Impact of Federal Government on Business Law and Ethics

When faced with an ethical dilemma, one question that one can ask oneself is: what is the best option in terms of practicability that must be taken? The idea of practicability can be determined or defined at least in terms of the immediate usefulness of the option in the given situation. For example, when one is faced with the situation of choosing between lying in order to secure the welfare of an employee or telling the truth in order to secure the welfare of the company, one should consider the option which has immediate usefulness, or perhaps the most useful option that has with it a larger positive effect.

In this instance, one can choose to tell the truth in order to secure the welfare of the company which translates into securing the welfare of the rest of the employees. In essence, the perceived consequences of the persisting options in an ethical dilemma must be weighed against one another in the context of the situation in order to weigh the most probable direction to take. Otherwise, one might be lost on which option to take as dilemmas are quite complex to analyze.

In several cases, questions concerning the company’s ethical dilemma also have strands of dilemmas affected or influenced partly or largely by the federal government. For example, an international aluminum maker company that conducts business operations among eight countries across the globe handling aluminum business in constructing automotive parts as well as in producing packaging materials based within the United States is compelled to abide by the federal laws that govern not only its operations but also the manner in which it is composed of employees.

Specifically, companies under the aluminum industry are compelled to secure their operations in terms of safety to the employees and, more importantly, to the general public. It must be noted that both the federal and state governments of America, particularly through the EPA and the administration and enforcing of existing regulations, have combined efforts in ensuring environmental safety.

Hence, companies, especially those whose operations primarily involve the environment, are expected to align their business actions with the established federal and state laws. In the same manner, founding and preserving satisfactory relations with the community is also essential as it occupies a crucial role during times of crisis in resolving specific issues. The community’s assistance with the company, or its deficiency, should always be considered in crafting company policies, decisions and actions.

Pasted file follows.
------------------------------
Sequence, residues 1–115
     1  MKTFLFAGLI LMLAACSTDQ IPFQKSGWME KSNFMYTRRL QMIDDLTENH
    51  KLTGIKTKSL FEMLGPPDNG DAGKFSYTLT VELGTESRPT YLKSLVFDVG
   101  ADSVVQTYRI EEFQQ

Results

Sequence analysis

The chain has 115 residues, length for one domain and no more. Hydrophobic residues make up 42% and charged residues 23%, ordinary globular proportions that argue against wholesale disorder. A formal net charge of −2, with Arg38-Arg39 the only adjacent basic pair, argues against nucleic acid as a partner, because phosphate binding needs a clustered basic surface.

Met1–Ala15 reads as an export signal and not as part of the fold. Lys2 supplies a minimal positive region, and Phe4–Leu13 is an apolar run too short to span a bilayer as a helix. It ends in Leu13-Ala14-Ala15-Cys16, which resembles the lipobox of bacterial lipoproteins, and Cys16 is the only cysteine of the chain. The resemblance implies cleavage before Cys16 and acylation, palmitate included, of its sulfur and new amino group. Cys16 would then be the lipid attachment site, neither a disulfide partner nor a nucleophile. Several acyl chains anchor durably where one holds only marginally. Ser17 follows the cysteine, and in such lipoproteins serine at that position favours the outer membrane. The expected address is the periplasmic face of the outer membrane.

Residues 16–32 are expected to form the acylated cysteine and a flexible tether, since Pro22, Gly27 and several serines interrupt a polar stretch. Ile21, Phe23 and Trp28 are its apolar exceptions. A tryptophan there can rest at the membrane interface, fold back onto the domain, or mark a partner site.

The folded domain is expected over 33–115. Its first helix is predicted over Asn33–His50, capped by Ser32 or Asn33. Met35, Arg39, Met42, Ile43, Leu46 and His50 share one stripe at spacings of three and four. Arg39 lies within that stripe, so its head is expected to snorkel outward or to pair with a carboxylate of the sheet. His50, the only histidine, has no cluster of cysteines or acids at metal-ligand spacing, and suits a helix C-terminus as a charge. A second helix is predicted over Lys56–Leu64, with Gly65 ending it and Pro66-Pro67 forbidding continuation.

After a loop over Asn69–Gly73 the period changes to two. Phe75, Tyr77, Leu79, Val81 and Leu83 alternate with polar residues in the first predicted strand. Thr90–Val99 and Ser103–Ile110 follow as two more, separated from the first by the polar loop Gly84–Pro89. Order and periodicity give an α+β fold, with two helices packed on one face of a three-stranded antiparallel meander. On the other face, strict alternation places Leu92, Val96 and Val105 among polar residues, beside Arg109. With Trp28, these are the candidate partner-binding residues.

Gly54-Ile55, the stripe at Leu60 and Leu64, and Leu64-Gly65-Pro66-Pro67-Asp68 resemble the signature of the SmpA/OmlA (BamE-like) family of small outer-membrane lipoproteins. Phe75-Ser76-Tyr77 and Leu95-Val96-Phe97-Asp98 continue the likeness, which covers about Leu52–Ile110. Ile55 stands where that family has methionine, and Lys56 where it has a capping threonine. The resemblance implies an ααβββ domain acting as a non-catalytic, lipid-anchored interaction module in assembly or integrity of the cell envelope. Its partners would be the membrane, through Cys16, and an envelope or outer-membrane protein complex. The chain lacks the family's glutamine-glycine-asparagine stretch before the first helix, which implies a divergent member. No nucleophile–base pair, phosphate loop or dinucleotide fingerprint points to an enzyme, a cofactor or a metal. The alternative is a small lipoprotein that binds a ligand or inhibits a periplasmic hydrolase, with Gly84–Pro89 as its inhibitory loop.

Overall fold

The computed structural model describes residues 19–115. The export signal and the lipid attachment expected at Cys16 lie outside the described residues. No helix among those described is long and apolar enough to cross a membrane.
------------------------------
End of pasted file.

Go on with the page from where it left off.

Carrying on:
Moreover, transparency with the business operations of the company is also a major concern as citizens can file for a request of the company’s records among government offices as well as the companies themselves under the Freedom of Information Act (FOIA) given particular stipulations. To a certain degree, it roughly goes against the privacy policies of certain business firms as they are required to maintain the confidentiality of business information as a section of the FOIA that covers vital interests.

It can be thus stated that the operations of any company operating within the territory of the United States of America are expected to blend well with the existing federal laws that secure the welfare of the general public without compromising the operations and welfare of the companies and without totally pulling down the financial performance of the companies. While it is a notable fact that competition in the business sector within America is stiff and innovations are a crucial ingredient in staying afloat the competition in the industry, it is also a notable fact that the federal government has an increasing role over these competitions.

Securing a fair competition among aluminum companies without compromising the health, for instance, of the general public is a must for the legislative agenda of the federal government. Another instance where the federal government poses an impact on businesses in the context of ethical situations is ‘market failure. ’ Market failure is a term in the field of economics that essentially emphasizes the idea of an event wherein the behavior of putting the optimum capabilities of agents in a specified market will not result to a Pareto optimal allotment (Coffee, p. 718).

The term market failure generally refers to situations where the results in the market are not Pareto efficient (or optimal) as well, thus supplying the reason for the government to intervene in the process. Especially in free markets, the idea that markets can break down is one of the most common grounds for government intervention although economists argue that the government can fail as well.